Children need to have the freedom to explore their worlds on their own without parents acting like helicopters, always hovering around to "protect" them for the apparently dangerous world in which they now. Yet, our children are fenced in, literally and metaphorically, almost every moment of every day.

Pressure: Meet The Villain

By Hendrie Weisinger on March 23, 2015 in Thicken Your Skin
Pressure downgrades your "cognitive success tools," compromises your ethics, makes you a damaging parent, and can destroy your marriage. You'd be wise to learn how to manage pressure.

The Bourgeois Revolution

By Steven Mintz Ph.D. on March 23, 2015 in The Prime of Life
Many of our most powerful fantasies and expectations about marriage and family life emerged two centuries ago.

If Selfish Genes Build Brains, Why Aren’t We All Solipsists?

Contrary to what you might think, the “selfish gene” paradigm does not imply that we should be self-centered to the point of believing that only we exist.

A Peculiar Work Situation

By Fredric Neuman M.D. on March 22, 2015 in Fighting Fear
There may be worse problems at work than simply being paid very little and being asked to do the job of two or three people all at once.

Book Review: Wisdom from the Couch

By Ryan Howes PhD, ABPP on March 22, 2015 in In Therapy
Dr. Jennifer Kunst shares the warmer, friendlier side of Kleinian psychology in this interview and book review.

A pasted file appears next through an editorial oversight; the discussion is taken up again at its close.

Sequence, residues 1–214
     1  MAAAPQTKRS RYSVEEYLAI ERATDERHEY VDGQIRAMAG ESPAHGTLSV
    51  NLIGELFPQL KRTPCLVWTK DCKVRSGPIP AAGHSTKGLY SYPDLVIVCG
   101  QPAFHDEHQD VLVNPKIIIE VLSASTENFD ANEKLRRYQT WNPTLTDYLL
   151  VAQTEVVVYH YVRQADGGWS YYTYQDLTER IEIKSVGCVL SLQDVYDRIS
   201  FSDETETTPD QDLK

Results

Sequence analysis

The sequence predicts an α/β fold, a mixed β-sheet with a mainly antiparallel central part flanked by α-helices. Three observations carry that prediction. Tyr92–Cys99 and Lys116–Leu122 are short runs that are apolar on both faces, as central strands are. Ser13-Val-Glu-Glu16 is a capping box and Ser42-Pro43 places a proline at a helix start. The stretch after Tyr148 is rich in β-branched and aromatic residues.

The Pathways of Experience

When asked to describe the most important challenges of living, Freud is reputed to have said – for there is no firm evidence of his doing so – that every person should “work and love.”

Does Creativity have its Dark Side?

We are used to thinking of creativity as an entirely positive attribute. However, new research on malevolent creativity suggests that the truly creative may put their novel thinking to dangerous uses under the right circumstances.

The Neurobiology of BDSM Sexual Practice

How can one experience pain, either the physical pain of a smack on the tush or the emotional pain of humiliation, as pleasurable? Aren’t pain and pleasure diametrically opposed? The answer, informed by neurobiology, is that the opposite of pleasure isn’t pain but ennui— a lack of interest in sensation and experience.

The Urge to Connect

A 3 billion year perspective on where the human race is headed

Yes, You Should Get Paid to Watch Basketball at Work

By Ron Friedman Ph.D. on March 19, 2015 in Glue
Think watching basketball on the job is a waste of company time? Think again.

Do You Like Your Sister?

Sympathy, compassion, understanding, respect, generosity and a willingness to forgive are essential features of every important relationship, including ones between members of an immediate family.

Do Dog People and Cat People Differ in Terms of Dominance?

New data suggest that dog people and cat people are selecting their preferred pet because it complements their own personality.

An Analytical Approach to Finding Your Career

By Marty Nemko Ph.D. on March 18, 2015 in How To Do Life
What are your core skills, interests, values, and non-negotiables?

Science and the Online Dating Profile

Online dating is the new singles bar, one in which your words won't be drowned out by the music. But which words should you use? There is some scientific evidence about relatively more effective ways to turn an online contact into a real huggable moment.

Treating William Shakespeare

Asking which of the things I did that worked and which didn’t is exactly the same as asking which things the patient does in response I should feel rewarded by.

Don’t Close More State Hospitals

Should we bring back the state hospital system?